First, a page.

It should also be noted the New England states several times had considered leaving the Union and there was no talk of the other Constitution-abiding states telling them they couldn't and threatening to force them to remain.

There was a strong and growing abolitionist movement in the South prior to The War. The main difference between the Southern abolitionist movement and the northern one was the Southern abolitionists looked to phase out slavery, just as other nations did, giving slaves the opportunity to learn and prepare for freedom while the northern abolitionists demanded an immediate forced end to slavery which would dump millions of unprepared slaves on the streets and cause economic chaos (which would eventually be seen after The War).

One might note the Bible does not condemn slavery nor call it a sin so I don't think the fact the South didn't prevail is any indication that God was against them because of slavery. One might consider The War and forced reunion as a punishment upon America as a whole which was already drifting from God at that time. Universalism and communistic ideas already had a foothold in America and during The War Lincoln imported tens of thousands of communistic and Catholic folks into America bringing further corruption.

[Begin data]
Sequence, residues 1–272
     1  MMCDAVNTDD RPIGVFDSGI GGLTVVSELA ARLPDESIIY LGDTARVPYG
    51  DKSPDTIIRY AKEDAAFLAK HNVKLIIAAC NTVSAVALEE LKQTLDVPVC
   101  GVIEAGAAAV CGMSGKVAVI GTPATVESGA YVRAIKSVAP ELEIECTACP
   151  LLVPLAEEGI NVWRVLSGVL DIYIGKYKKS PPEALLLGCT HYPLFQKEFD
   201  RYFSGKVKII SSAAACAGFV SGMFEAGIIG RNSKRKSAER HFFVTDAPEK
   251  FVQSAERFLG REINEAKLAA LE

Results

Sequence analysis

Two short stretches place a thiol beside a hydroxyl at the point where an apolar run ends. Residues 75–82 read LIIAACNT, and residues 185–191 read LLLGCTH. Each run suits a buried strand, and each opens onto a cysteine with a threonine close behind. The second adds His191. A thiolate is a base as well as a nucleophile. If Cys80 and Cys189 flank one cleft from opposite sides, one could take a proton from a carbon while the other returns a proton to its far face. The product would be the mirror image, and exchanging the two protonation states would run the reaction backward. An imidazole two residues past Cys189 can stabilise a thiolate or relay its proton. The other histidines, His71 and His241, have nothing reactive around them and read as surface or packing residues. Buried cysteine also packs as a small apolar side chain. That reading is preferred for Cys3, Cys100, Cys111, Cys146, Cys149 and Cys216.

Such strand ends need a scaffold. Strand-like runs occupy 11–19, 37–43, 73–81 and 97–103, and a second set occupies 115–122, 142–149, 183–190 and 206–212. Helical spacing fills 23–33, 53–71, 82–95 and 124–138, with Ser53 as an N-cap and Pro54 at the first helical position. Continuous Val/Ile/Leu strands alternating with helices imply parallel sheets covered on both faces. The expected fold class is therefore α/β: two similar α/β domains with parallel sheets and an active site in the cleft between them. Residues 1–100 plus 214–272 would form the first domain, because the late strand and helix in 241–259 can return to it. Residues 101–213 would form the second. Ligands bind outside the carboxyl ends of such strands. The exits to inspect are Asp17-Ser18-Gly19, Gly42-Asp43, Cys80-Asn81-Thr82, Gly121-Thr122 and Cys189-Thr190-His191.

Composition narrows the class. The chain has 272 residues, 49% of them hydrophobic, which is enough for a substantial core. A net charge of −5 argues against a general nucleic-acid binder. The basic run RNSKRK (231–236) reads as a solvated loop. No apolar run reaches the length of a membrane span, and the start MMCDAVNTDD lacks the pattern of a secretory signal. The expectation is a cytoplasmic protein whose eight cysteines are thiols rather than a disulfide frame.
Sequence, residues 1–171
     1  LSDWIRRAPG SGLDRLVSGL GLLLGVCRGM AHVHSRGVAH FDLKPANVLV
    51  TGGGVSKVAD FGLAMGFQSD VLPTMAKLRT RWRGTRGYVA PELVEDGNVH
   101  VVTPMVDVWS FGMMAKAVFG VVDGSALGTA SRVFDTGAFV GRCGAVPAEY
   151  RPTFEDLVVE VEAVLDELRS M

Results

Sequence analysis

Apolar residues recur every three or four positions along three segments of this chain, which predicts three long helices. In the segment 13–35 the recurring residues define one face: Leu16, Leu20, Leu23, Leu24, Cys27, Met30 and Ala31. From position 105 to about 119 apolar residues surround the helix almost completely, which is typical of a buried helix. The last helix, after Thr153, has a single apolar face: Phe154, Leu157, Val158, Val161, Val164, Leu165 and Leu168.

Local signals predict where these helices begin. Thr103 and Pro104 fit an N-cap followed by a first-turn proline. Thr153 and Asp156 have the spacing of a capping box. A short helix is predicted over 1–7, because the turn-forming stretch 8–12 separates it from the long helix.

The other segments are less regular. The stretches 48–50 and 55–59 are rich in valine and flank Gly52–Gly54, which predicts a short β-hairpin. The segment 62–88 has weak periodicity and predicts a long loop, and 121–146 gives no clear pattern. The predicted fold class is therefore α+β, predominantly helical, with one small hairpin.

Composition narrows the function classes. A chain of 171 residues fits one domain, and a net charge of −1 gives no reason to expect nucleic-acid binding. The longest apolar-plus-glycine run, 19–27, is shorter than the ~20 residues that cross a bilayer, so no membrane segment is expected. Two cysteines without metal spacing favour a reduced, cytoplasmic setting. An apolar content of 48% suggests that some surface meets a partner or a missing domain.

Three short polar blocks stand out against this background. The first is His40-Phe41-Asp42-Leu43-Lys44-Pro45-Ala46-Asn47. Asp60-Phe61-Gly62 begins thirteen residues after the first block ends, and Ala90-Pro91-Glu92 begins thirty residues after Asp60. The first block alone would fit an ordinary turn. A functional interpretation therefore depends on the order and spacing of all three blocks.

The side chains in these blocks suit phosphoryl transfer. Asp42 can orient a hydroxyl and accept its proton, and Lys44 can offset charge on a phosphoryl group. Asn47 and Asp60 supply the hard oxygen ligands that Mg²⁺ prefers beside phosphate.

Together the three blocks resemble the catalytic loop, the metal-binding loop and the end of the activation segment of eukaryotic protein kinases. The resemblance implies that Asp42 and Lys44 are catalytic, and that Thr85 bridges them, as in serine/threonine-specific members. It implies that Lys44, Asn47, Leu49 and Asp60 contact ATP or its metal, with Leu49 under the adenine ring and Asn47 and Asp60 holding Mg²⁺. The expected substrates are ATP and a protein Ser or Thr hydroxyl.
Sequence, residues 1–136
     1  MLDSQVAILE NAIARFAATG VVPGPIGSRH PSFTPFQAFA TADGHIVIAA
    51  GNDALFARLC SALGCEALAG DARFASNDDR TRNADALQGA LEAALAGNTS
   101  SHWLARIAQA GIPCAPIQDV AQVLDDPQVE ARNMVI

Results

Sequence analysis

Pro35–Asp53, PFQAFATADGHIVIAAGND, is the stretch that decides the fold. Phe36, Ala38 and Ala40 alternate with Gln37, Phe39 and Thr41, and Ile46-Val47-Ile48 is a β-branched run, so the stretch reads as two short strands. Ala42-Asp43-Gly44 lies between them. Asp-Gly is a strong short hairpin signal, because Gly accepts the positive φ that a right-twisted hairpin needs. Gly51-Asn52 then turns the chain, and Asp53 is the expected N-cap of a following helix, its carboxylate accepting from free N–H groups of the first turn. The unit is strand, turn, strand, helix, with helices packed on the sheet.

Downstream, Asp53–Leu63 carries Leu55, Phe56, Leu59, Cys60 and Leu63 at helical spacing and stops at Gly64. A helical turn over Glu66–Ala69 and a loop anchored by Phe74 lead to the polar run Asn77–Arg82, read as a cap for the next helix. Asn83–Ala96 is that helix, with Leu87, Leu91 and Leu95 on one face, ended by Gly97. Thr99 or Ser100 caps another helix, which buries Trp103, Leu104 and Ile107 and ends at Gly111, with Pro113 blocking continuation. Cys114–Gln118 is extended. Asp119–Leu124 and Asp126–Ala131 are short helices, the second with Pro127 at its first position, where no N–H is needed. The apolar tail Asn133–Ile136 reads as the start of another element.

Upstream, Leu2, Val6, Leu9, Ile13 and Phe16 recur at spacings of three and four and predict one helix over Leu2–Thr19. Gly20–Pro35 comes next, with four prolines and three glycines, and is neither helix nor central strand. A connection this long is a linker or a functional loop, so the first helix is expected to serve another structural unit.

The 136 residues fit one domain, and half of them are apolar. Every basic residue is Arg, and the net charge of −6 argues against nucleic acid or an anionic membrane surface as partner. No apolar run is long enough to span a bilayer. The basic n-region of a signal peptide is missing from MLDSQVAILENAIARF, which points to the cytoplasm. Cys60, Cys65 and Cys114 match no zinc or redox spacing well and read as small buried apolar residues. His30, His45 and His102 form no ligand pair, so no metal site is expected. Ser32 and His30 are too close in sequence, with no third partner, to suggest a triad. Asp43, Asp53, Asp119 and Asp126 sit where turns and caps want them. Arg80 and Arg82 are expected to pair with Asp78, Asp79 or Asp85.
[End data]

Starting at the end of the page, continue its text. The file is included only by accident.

A good book to read is "What Hath God Wrought" by Dr. Grady. It's mostly a history of America from an especially Baptist perspective.